Cisco (NASDAQ:CSCO) is regularly accused of managing earnings per share through share buybacks, but should this keep investors from buying shares? When the demand doesn't hold up, the stock price has been supported by a rich dividend (for a tech company) and massive share buybacks. But can the buybacks grow too large for this to continue?
Cisco recently reported a very poor quarter where six of its eight product segments saw declines from the prior year.
|Service Provider Video||987||957||-3%|
Negative revenue growth? The stock must have taken a bath. Think again. Despite that glaring problem, shares only traded off by 3%. Compare that with another hardware company: Rackspace (NYSE:RAX). When Rackspace reported slowing revenue growth, not even declines, the shares lost 19% of their market value in one day. In Rackspace's case though, the Street is modeling for $0.63 per share in earnings in 2014, and shares were trading at a nosebleed 68 times earnings before the release. Rackspace also doesn't have a dividend to attract income investors.
Cisco's steady stream of earnings produced a low price/earnings multiple of 11.5 and a dividend that is now paying 3.5% in the coming year. In difficult quarters, Cisco has been known to buy back enough shares to keep the earnings multiple low while paying a good dividend. However, this may not be sustainable. A close look at the numbers shows that Cisco is dramatically increasing the amount of capital it uses each quarter to buy back shares and may be reaching a crisis point. Each of the tables that follows is based on the company's quarterly filings or press releases.
In just the last 4 quarters, Cisco has increased the amount of capital it used for share repurchases by 370%.
|$of Shares Repurchased||0.85||1.17||1.99||4.02|
|$of Dividends Paid||0.91||0.92||0.91||0.90|
|Total Capital Used||1.76||2.08||2.90||4.92|
Now the company is buying back almost 5 times the number of shares it did just 4 quarters ago. The share buyback in the most recent quarter accounted for 3.4% of the total shares outstanding!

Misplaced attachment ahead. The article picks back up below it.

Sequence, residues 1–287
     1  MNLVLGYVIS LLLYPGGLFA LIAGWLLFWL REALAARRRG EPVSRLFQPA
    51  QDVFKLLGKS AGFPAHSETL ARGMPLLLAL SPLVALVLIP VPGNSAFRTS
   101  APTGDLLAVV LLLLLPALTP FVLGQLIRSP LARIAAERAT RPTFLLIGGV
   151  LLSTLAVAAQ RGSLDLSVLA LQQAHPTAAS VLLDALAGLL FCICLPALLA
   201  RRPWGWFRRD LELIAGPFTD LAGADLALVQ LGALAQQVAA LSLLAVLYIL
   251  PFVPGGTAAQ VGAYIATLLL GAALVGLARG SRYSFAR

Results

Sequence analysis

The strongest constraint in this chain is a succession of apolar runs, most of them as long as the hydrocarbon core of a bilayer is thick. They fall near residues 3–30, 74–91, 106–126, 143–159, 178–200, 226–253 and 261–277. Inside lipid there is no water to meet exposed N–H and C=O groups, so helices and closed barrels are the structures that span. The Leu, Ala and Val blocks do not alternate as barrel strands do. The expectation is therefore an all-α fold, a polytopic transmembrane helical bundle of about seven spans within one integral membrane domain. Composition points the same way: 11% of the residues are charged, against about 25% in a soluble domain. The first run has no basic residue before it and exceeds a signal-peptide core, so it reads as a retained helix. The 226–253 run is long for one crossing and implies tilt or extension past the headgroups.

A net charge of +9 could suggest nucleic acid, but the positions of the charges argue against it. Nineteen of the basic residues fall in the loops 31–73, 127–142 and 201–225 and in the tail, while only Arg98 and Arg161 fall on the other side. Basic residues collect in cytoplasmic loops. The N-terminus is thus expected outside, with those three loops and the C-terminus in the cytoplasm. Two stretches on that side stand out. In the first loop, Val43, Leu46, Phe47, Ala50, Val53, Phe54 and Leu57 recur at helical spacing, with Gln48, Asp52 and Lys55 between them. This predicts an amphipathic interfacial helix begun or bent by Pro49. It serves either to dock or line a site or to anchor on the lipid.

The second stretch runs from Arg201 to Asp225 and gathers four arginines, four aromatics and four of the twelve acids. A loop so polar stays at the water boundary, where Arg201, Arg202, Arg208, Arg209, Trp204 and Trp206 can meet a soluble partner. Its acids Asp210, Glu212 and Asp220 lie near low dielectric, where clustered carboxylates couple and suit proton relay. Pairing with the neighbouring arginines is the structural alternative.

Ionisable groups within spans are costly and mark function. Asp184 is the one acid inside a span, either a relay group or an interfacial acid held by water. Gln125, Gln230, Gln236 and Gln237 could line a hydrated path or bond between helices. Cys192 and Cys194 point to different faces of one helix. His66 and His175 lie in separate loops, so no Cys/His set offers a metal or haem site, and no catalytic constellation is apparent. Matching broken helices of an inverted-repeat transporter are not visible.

|Avg Price ($)||20.85||24.80||23.65||21.73|
|Shares bought back (millions)||41||47||84||185|
|Capital expended ($, billions)||0.85||1.17||1.99||4.02|
|Ending Sharecount (billions)||5.4||5.4||5.4||5.3|
|% Shares bought back||0.8%||0.9%||1.5%||3.4%|
You may be thinking that Cisco must be getting a lot of bang for these bucks to justify such a large dollar volume of purchases. Unfortunately, that doesn't seem to be the case because the company is issuing shares as fast as it is buying them back. Over the four quarter period, outstanding shares did decline by 60 million shares but the company bought back 357 million shares.
|Non Buyback EPS||0.503||0.519||0.520||0.457|
So how would EPS look compared to consensus if we back out these buybacks? Not too bad until this quarter. This is the first quarter where earnings would have needed to be rounded up just to meet consensus, but in 3 of the last 4 quarters EPS would have appeared at least a penny lighter without the buybacks.
|Net Income (Non-GAAP)||2.728||2.847||2.867||2.521|
|Capital for Div & Buyback||2||2||3||5|
|Dist % of Net Income||65%||73%||101%||195%|
The concern is what happens now. The capital used for dividends and buybacks has been increasing dramatically and in the January quarter, accounted for nearly 2 times net income. This isn't sustainable especially when revenues are continuing to decline. Cisco has already ratcheted back revenue expectations to a decline of 6% to 8% for the coming quarter so how will it meet earnings estimates going forward? If there is less revenue, there will also be lower margins and less capital to buy back stock.
Cisco has one of the best management teams in the business but these trends are very concerning. It seems like structural changes are going to be necessary because this level of buybacks cannot continue.
David Eller has no position in any stocks mentioned. The Motley Fool recommends Cisco Systems and Rackspace Hosting. Try any of our Foolish newsletter services free for 30 days. We Fools may not all hold the same opinions, but we all believe that considering a diverse range of insights makes us better investors. The Motley Fool has a disclosure policy.